Which led us to the latest, newest doctor who recommended medication.  “You wouldn’t withhold insulin from a diabetes patient.  You wouldn’t say he should be able to control his heart if he needed heart medication,” she said to us. “Well, his brain isn’t making enough of the stuff to keep him alert.  Being this way is not his choice- he’s reacting to the brain chemistry in his head.  It’s already there.  It’s like telling someone who has had too much to drink that they aren’t really drunk- it’s just an excuse.  No, they’re reacting to the mixture of chemicals in their brain.  But their chemicals wear off.  Ray’s doesn’t.  And so we have to help him get the balance right.  If we don’t help him, there are lots of studies that find that these kids self-medicate. And they don’t pick things like coffee- they find that they like themselves better on cocaine and meth.  I’m not telling you your kid is going to become a drug addict.  But we do know that kids who are not helped through legal means are much more likely to help themselves through illegal means.”

I gotta tell you that we did not like her approach.  She was scaring us and she was more than a wee bit arrogant.

But she was right.  I did my own research- and to quote from Essortment, “Illegal drugs are used to obtain a “high” feeling or to escape from reality. Ritalin works to improve one’s awareness and to improve their attention span and concentration. The two drugs serve two completely opposite purposes. Many counselors have claimed that children that struggle with ADHD, without the help of Ritalin or other prescribed medications, may be more likely to use illegal drugs as a way to help them cope with the stress of ADHD.”  The use of meth and cocaine are only barely related to the use of stimulant medication- they’re much more related to demographics of poverty and parental upheaval and school failure. And we’re working with the teachers, with tutors and with my own knowledge to make sure that Ray does not fail.

There are other sides that claim that drugs are the easy way out- that I’m teaching my son that life gets easier with a pill and not from hard work- that I’m looking for an easy fix for… once again, bad parenting.

And once again, I know- I KNOW that while I may get tired and we are certainly responsible for aiding some of the misbehaviors when we get tired and irritable, most of Ray’s issues are biological.  We have a daughter who does not have these same issues.  I have taught hundreds of children- some with issues, some without.  I come from a family with a history of Tourette’s and issues- a family that I did not grow up around.   There is a biological root to some of this.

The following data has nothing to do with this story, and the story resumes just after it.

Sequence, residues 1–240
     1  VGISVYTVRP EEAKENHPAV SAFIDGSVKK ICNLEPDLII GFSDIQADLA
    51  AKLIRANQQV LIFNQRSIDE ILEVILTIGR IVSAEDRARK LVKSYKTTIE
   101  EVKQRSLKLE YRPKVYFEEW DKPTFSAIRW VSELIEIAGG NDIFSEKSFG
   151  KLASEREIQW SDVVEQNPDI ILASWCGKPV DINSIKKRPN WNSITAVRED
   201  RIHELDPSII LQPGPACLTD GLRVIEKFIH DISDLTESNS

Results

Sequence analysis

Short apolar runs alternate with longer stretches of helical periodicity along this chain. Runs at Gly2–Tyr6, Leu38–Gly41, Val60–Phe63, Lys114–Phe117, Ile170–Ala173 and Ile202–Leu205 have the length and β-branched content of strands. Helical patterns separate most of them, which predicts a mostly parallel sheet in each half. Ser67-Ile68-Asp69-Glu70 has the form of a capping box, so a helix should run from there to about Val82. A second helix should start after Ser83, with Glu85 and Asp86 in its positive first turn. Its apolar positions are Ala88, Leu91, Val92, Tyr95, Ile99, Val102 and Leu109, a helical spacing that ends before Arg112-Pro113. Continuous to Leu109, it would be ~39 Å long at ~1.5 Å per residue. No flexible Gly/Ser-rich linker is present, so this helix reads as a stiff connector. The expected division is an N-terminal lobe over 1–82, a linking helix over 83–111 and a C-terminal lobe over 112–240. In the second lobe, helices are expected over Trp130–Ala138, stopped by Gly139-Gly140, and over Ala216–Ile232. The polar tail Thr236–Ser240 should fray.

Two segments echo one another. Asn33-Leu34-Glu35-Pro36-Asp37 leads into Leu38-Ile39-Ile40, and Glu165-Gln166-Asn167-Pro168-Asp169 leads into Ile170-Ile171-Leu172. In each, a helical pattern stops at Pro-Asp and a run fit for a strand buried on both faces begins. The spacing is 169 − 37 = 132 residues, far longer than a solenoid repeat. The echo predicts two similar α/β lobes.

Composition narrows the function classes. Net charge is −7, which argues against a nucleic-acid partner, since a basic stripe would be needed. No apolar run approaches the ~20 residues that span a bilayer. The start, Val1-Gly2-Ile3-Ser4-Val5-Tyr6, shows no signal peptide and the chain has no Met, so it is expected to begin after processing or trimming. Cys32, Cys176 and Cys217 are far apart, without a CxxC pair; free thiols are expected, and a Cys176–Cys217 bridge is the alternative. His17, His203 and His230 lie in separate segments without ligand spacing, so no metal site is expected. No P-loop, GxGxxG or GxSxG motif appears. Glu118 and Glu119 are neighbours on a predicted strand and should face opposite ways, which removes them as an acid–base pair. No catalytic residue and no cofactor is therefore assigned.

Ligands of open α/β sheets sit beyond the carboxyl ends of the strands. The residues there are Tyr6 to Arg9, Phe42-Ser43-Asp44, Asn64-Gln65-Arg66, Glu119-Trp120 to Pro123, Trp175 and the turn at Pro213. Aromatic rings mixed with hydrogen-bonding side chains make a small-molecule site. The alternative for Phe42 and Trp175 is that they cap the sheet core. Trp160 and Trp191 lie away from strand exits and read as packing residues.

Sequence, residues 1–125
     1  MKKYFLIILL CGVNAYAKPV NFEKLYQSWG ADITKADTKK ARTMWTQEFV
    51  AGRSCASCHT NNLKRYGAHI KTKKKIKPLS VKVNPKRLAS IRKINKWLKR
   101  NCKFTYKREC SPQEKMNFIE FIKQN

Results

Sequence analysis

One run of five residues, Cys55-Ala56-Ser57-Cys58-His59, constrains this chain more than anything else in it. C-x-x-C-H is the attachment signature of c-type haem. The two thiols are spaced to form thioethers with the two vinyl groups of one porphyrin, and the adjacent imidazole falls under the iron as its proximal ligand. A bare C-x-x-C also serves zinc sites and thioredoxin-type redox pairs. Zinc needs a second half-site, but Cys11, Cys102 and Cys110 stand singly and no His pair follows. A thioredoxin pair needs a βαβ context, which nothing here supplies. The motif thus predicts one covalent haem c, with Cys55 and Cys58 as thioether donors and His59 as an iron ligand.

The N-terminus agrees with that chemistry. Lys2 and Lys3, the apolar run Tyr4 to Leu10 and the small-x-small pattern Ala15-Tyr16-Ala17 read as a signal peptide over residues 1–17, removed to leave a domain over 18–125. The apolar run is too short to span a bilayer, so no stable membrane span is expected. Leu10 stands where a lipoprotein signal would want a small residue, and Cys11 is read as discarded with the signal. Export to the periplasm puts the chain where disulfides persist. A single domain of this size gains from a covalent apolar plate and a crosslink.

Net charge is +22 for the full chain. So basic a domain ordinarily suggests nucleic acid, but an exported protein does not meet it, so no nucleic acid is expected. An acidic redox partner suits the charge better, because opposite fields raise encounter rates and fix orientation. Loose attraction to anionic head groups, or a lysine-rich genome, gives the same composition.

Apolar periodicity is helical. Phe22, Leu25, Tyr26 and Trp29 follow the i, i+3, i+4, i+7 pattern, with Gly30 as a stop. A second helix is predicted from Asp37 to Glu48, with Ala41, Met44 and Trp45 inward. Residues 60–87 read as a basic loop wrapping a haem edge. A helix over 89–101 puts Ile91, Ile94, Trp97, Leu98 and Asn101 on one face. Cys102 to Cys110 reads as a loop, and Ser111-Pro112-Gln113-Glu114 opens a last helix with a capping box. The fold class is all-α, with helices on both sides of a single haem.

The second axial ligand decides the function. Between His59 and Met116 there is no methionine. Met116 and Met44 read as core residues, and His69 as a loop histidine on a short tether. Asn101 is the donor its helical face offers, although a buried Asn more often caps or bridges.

And so, we looked at medication.


The thing we held on to was that medication was a choice that we could always unmake.  If a particular dose, a particular prescription didn’t work, or we didn’t like what it was doing, then we could take him off of it.  No harm, no foul was the agreement.  We would follow our parental instincts and snatch him off of it if it wasn’t right for him.

And  I have to say… medication has made a world of difference for us.  It hasn’t changed Ray’s basic “Ray-ness”- it’s just taken the edge off.  I’m less worried about him.  I can see him building up successes to keep him going.  I don’t cry all the time anymore.  We still struggle with him.  That “in-between” time between when his Daytrana- which is a stimulant- and he goes to bed with his Clonodine is… challenging.  But we have more good days than bad.  The bad days- wow… they’re really bad.  The good days- well, they’re sweet.

The Daytrana makes him more aware- and so, his tics are not necessarily worse, but he is aware of them more.  The Clonodine seems to have alleviated some of the more significant tics- the overt ones.  The ones he has now can be hidden easier.  He’s more focused in his anxiety now- it’s not as free-floating.  He can sometimes describe now what he’s anxious about- and that insight has been marvelous because we can help him when he can share.  And sometimes, he can’t.  But inch by inch, we’re seeing progress.  And regression.  But mostly progress.

My goal with medication is to teach him what those neurological synapses feel like- so that he can find his way back to them when he needs to have success.  If yoga or meditation can help him find his way as well, then I’ll try those too- but he’s still young.  That level of concentration is something to grow into- and he can’t even start up that hill until he learns what it feels like.